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Inclusive Environments

1 April 2018

The Inclusive Environments programme at the Design Council aims to raise awareness about the importance of designing places that meet the needs of the diversity of people who want to use them.

Designing and managing the built environment in an inclusive way is essential if we are to create a fair society and a sustainable future.

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Inclusive environments are places that work better for everybody – whether that place is a school, office, park, street, care home, bus route or train station. An inclusive approach to planning, design and management is an opportunity to use creativity and agile thinking to make places that reflect the diversity of people who want to use them. 

Inclusive environments are:

  • Welcoming to everyone
  • Responsive to people’s needs
  • Intuitive to use
  • Flexible
  • Offer choice when a single design solution cannot meet all user needs
  • Convenient so they can be used without undue effort or special separation and so that they maximise independence

Crucial to the success of inclusive environments is consultation with user groups, putting people who represent a diversity of age, ability, gender and community at the heart of the design process.

Inclusive Environments CPD

Inclusive design is the responsibility of everyone who works in the built environment: planners, those who commission new buildings and places, access consultants, designers, architects, engineers, surveyors, property owners and facilities managers. Our Inclusive Environments CPD aims to encourage the UK’s highly skilled professionals to continue leading the way in building the most accessible and inclusive country in the world.

The CPD aims to:

  • Increase awareness of inclusive design as standard practice at a national level
  • Change the perceptions and aspirations of 600,000 designers and specifiers on inclusive design

The Inclusive Environments CPD has been funded by partners including the Ministry for Housing, Communities and Local Government and developed in partnership with the key institutes and experts on Inclusive Design across the UK.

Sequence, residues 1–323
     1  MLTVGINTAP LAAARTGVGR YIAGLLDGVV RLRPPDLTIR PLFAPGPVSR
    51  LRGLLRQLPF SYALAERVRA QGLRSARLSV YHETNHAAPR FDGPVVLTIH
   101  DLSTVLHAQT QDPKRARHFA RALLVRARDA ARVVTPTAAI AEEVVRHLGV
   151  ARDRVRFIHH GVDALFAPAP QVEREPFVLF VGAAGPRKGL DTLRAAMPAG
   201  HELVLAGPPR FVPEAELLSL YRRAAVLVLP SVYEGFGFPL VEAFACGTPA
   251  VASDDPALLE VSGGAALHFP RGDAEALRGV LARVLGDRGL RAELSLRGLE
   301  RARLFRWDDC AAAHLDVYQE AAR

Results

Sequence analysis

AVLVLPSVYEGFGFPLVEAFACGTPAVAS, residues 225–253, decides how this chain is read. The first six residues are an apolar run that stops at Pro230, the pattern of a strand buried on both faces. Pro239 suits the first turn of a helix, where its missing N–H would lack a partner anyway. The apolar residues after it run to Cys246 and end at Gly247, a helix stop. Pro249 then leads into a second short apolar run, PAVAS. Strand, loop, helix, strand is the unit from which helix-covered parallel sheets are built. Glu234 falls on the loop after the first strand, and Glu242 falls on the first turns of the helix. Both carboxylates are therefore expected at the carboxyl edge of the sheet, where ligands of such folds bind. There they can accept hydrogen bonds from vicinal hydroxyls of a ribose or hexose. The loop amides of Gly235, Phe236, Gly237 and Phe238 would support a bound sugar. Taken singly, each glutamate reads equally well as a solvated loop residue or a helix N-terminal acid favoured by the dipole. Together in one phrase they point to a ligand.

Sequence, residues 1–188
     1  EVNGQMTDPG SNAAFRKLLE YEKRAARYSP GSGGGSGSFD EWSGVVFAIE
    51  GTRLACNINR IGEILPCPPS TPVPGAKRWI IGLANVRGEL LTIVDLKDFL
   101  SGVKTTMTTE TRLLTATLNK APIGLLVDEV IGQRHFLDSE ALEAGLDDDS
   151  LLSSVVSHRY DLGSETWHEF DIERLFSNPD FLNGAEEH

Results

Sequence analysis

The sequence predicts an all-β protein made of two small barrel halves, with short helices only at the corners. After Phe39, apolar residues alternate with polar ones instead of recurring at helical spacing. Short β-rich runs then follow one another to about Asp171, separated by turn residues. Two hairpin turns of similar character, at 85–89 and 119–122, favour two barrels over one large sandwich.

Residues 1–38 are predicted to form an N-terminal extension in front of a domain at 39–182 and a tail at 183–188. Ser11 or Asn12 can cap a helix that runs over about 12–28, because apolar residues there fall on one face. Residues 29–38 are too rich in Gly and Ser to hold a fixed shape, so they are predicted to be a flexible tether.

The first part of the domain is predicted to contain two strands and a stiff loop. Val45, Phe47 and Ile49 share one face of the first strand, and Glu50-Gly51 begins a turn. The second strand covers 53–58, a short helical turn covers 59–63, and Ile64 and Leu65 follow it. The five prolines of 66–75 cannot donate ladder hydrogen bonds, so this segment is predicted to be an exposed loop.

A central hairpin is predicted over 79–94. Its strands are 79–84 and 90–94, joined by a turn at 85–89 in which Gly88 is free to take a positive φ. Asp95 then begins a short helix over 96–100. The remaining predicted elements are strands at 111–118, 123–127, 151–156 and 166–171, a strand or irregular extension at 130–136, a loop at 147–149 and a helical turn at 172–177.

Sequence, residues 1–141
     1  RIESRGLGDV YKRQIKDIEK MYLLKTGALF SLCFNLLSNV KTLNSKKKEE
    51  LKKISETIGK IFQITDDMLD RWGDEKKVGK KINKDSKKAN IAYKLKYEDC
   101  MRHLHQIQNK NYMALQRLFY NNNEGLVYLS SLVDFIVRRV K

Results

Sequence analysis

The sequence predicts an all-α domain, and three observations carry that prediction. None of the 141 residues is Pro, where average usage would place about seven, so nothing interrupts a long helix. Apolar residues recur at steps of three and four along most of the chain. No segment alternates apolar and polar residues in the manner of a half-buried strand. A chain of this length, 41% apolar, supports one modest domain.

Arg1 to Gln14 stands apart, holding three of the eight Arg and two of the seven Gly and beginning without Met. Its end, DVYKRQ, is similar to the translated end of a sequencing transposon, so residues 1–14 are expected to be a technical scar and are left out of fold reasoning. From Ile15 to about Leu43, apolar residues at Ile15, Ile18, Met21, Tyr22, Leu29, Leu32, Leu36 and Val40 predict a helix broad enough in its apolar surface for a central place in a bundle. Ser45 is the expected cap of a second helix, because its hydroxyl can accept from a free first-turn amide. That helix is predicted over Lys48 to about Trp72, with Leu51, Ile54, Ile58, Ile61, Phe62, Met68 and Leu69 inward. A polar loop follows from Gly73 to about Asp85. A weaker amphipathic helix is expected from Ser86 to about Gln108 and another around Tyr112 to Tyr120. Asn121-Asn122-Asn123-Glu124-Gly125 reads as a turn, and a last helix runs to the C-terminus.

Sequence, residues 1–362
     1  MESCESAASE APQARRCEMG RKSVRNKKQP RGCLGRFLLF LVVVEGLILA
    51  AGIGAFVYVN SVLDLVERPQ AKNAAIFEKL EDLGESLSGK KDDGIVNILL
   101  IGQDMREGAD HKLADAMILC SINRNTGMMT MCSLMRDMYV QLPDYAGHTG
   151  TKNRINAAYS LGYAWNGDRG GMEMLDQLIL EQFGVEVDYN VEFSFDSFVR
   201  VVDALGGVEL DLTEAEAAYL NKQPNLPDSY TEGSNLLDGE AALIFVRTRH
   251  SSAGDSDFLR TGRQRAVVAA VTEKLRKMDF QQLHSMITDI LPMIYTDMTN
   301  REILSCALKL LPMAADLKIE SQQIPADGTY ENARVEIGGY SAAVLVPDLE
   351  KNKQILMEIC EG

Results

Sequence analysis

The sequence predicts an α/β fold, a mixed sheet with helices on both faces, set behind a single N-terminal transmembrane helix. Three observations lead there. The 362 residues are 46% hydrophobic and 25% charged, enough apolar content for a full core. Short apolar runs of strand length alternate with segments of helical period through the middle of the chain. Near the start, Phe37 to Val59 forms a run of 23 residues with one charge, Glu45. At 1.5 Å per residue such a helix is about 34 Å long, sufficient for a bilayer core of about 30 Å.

The CPD is free to take and takes around an hour to complete through an online course. Upon completion of the course, you will be awarded a certificate from Design Council.

An ageing population

The UK’s population is getting older. Housing provision needs to change to meet this rapidly growing demand. There are wider benefits from developing good quality housing for older people including a reduction in health and social care costs, as well as freeing up of much-needed family housing.

Stronger communities

The quality of the built environment has a significant role to play in tackling social disadvantage. The majority of people use and value parks and green spaces, but minority groups tend to have less local green space and it is of poorer quality.   

Economic growth

An estimated £5.3bn in lost earnings is due to people who have dropped out of the workforce to take on caring responsibilities for older or disabled friends and family. Lifetime Homes  is a policy tool that helps planners and other built environment professionals understand the benefits of helping maintain independence in their own homes.

Buying power

According to Disability Rights UK, 83% of disabled people had 'walked away' from making a purchase, unable or unwilling to do so.  The most important factor was inaccessible premises. Other important factors that discouraged disabled consumers from spending were poorly designed products and staff who were not disability confident, were rude or appeared prejudiced.

Regulation

The Equality ActNational Planning Policy Framework and guidance on building regulations all require new and existing buildings and spaces to provide access for all.

We would like to thank all of our partners for their support to date, particularly the Ministry for Housing, Communities & Local Government for funding the development of the resource hub, and David Bonnett Associates for generously gifting us their inclusive design library.

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